Just then my friend gave an excited shout: “Oh my god come and look at this!” I scampered over a ridge to his location, and I was taken aback to find a vast city. “How long did it take to build that?” I stammered out, ashamed of my own meagre hovel. The name of the metropolis flashed up on screen: The Sunken City, the mayor of which was apparently a chap by the name of HarryHotpants. We set off to explore.

The Sunken City — goddamned skyscrapers putting my dirt hut to shame.

Cities like this one are formed when players lay out plots of land near to one another, causing the game to recognise them as a settlement. Then the player with the most prestige — i.e. the best — becomes the mayor and can choose a name for the conurbation. We strolled through the streets of The Sunken City in the hope of glimpsing Mayor Hotpants, but it was eerily quiet — we guessed that the inhabitants might be US players and hence still at work as we pootled about in the early UK evening. Still, there was plenty to admire — enormous, strangely shaped towers and beautifully laid out buildings, my favourite of which was a Swiss Family Robinson-style treehouse.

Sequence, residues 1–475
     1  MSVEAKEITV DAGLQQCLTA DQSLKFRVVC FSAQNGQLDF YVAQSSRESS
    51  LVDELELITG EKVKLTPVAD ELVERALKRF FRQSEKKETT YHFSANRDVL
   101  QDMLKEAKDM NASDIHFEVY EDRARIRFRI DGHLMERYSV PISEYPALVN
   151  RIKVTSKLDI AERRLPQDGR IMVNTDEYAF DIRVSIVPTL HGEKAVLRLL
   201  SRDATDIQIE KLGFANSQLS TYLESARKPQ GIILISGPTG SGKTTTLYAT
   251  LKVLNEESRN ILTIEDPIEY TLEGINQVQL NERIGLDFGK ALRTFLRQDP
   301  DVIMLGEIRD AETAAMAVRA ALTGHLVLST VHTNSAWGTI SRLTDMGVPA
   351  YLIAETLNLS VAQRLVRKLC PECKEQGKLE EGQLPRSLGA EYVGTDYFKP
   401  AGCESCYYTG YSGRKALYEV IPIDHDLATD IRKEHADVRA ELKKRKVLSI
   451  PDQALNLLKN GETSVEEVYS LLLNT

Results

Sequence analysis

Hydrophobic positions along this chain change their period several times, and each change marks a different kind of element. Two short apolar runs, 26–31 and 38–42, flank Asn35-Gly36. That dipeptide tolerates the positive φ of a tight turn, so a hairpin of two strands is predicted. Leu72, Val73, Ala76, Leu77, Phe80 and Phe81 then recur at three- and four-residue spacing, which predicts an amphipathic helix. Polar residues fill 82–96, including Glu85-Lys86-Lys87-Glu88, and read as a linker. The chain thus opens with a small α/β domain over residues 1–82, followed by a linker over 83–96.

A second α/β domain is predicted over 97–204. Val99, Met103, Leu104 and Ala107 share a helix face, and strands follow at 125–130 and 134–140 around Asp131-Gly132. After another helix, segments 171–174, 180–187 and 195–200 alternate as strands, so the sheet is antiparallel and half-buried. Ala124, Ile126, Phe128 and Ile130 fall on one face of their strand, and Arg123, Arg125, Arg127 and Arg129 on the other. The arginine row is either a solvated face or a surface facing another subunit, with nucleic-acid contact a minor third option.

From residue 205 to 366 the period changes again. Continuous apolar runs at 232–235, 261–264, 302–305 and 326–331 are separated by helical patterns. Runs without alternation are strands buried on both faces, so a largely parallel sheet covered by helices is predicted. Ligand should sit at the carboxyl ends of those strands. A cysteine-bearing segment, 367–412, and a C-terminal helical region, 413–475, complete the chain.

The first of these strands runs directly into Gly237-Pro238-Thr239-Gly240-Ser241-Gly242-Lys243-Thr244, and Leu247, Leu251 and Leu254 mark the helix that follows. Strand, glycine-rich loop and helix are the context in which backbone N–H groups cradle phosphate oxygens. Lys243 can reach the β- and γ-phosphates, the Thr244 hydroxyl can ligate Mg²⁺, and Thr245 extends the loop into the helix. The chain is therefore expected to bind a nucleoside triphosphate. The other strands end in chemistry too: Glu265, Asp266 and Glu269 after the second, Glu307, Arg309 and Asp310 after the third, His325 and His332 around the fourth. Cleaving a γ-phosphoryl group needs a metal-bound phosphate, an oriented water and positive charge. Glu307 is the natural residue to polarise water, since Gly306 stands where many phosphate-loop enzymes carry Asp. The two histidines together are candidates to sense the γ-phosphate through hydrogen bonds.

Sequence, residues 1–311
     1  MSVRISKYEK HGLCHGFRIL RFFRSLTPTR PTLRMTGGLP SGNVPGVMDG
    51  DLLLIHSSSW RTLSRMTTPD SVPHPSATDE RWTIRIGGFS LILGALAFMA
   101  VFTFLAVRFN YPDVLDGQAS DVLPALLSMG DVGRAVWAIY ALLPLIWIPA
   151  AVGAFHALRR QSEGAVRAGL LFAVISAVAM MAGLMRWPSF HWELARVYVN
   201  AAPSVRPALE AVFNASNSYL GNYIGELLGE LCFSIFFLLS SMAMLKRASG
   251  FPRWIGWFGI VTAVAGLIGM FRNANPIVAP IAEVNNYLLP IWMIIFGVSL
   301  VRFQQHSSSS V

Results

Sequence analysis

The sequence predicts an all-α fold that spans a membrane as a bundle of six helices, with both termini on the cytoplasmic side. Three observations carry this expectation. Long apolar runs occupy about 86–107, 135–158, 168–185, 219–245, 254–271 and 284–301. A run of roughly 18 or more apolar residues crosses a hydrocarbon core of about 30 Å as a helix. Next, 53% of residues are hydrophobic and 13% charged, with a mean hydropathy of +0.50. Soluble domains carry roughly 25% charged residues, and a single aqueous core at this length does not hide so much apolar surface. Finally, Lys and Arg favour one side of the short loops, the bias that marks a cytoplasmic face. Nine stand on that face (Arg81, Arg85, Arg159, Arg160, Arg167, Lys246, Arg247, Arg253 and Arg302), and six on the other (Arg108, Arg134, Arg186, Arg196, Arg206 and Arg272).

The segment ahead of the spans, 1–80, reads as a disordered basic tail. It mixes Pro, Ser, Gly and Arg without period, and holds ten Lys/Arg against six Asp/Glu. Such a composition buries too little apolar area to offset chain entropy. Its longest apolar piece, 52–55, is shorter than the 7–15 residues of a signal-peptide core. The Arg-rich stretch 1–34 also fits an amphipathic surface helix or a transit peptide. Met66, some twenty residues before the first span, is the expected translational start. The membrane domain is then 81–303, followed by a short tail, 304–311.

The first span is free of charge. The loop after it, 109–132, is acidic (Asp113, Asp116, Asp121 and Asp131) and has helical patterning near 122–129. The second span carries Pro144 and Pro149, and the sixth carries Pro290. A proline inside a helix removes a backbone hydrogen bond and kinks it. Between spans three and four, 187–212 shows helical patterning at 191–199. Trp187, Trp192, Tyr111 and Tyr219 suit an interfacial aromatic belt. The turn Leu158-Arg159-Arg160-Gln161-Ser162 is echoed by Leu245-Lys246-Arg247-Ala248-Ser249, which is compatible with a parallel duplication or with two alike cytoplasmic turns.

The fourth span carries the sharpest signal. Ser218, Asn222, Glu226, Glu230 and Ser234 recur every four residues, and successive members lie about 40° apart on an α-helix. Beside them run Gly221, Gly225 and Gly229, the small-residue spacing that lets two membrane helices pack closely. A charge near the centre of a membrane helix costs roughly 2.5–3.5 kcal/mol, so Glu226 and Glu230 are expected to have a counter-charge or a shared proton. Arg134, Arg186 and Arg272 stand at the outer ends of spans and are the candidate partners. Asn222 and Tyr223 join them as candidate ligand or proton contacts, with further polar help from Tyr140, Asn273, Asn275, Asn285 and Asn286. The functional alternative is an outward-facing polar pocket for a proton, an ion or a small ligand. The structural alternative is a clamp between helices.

Hey, the tower lights up at night!

Eventually we came across HarryHotpants in what looked like a James Bond-esque lair, complete with several underground levels and a 12-foot metal door that was presumably guarding Harry’s Most Precious Things. You can generally wander through anyone’s home in Boundless, but there’s an option to restrict access to certain areas, and other players can’t build, mine or take anything within the perimeter of your Beacon. Speaking of Beacons, these have to be refuelled every month or so — if you don’t log in to refuel, your land is no longer protected, so anyone could just come and grab your stuff.

Mayor Hotpants tinkers with his basement.

I complimented Mayor Hotpants on his impressive lair through text chat, which elicited a cheery ‘thx!!’, but he seemed keen to carry on tinkering with his enormous underground vault — pausing only to eye us suspiciously as we went near his Big Door. We spotted one other player running a shop a bit further down the street, but again he didn’t seem interested in chatting, scurrying off upstairs as we approached. I guess when you’ve got a city this big, there’s too much work to spend all day chinwagging.